From Popular Mechanics
In October 2018, the European Space Agency (ESA) and Japan Aerospace Exploration Agency (JAXA) launched BepiColombo, Europe's inaugural mission to Mercury. But before the spacecraft can get to the first planet, it's taking a scenic Venusian detour.
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This week, BepiColombo swung past Venus and snapped a handful of incredible images of the gas-shrouded world. It's the first of two scheduled flybys of Venus. Taking the long way 'round, so to speak, capitalizes on the planet's gravitation pull in an effort to save fuel on the journey to Mercury.
The flyby follows last month's news of researchers discovering traces of the chemical compound phosphine, which is considered a biomarker on Earth, in the clouds that shroud Venus. (The chemical is produced geochemically on other planets, such as inside the cores of Saturn and Jupiter, but there isn't enough heat and pressure in the clouds of Venus for it to be generated this way.)
Researchers noted shortly after the news broke that BepiColombo-already scheduled to do a close approach of Venus-could potentially point some of its instruments toward the cloud-shrouded planet. Right before the flyby, the BepiColombo team booted up two of the spacecraft's three cameras and switched on a number of sensors.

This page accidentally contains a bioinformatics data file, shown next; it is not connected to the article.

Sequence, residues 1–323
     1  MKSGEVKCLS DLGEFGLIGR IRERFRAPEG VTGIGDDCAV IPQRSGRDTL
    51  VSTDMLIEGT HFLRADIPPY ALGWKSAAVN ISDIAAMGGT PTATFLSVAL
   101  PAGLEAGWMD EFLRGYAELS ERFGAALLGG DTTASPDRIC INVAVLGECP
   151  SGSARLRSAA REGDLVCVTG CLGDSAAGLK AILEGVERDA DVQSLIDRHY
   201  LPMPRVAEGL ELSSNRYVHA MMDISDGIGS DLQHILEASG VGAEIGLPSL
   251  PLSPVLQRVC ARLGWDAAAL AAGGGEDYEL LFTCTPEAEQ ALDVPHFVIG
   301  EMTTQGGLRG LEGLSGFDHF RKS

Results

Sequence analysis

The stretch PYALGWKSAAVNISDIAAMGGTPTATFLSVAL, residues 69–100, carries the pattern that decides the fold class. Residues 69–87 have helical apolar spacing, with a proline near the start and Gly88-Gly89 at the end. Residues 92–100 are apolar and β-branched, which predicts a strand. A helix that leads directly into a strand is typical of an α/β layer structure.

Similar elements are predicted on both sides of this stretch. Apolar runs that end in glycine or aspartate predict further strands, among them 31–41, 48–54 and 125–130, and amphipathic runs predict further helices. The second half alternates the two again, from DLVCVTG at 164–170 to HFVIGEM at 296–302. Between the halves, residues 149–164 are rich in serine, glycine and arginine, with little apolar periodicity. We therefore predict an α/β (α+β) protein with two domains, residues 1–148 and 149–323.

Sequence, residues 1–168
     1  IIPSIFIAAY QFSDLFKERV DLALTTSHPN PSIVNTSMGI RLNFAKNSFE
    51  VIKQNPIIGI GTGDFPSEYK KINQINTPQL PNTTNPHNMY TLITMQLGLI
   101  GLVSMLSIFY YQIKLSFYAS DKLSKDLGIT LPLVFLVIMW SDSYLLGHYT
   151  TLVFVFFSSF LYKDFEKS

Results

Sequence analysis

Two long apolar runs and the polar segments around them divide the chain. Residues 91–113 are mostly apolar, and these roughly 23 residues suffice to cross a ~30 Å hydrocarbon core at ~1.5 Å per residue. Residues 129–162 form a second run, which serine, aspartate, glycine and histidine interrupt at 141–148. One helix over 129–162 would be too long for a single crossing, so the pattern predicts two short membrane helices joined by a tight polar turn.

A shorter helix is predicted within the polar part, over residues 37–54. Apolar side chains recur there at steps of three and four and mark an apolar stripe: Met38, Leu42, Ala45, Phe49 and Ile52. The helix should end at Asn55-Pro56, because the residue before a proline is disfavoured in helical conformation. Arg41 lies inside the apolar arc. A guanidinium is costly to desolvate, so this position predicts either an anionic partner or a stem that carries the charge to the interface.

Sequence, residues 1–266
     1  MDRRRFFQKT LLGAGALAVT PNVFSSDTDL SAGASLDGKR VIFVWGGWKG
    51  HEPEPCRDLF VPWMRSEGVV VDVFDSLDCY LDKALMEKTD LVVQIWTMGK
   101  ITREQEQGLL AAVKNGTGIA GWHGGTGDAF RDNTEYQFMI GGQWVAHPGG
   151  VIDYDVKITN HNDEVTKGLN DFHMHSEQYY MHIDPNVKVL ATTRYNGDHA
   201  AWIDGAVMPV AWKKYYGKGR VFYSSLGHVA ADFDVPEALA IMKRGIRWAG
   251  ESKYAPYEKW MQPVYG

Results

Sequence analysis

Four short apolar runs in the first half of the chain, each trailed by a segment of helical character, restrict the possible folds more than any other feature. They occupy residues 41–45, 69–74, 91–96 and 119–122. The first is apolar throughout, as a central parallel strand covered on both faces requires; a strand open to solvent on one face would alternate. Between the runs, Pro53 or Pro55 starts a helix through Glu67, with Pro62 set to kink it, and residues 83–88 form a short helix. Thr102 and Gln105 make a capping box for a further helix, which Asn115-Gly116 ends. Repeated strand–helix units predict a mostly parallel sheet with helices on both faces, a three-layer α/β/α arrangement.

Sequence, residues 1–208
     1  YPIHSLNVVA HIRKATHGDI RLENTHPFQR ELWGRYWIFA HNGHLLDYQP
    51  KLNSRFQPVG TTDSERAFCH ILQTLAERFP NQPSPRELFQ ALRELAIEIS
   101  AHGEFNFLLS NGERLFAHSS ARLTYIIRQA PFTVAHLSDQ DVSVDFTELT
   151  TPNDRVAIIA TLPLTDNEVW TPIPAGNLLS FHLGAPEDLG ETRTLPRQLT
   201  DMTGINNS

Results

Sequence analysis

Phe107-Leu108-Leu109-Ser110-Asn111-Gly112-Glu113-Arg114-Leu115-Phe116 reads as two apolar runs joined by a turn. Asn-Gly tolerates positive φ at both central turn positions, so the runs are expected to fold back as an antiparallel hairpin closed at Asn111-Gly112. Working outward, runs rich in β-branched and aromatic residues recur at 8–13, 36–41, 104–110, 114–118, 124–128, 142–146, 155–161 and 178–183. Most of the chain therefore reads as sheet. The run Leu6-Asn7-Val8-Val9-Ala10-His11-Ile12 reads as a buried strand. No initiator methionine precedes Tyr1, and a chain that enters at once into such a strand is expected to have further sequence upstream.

"We'll have to be patient while our Venus specialists look carefully into the data," Johannes Benkhoff, ESA's BepiColombo Project Scientist, said in a statement. "We hope to be able to provide some atmosphere temperature and density profiles, information about the chemical composition and cloud cover, and on the magnetic environment interaction between the Sun and Venus."
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During the flyby, BepiColombo came within more than 6,000 miles of Venus, according to ESA. The next flyby will take place in 2021 and will bring the spacecraft as close as 341 miles to the planet's surface.
BepiColombo is scheduled to arrive at Mercury in 2025 and will set out to demystify one of the strangest and most mysterious planets in our solar system. The mission is a two-for-one deal: One orbiter, the Mercury Planetary Orbiter (MPO), will map our solar system's innermost planet, while another, the Mercury Magnetospheric Orbiter (Mio), will measure the planet's magnetosphere in detail.
Mercury won't be an easy place to explore. According to ESA, the spacecraft could be exposed to temperatures of up to 662 degrees Fahrenheit during its year-long orbit of the planet.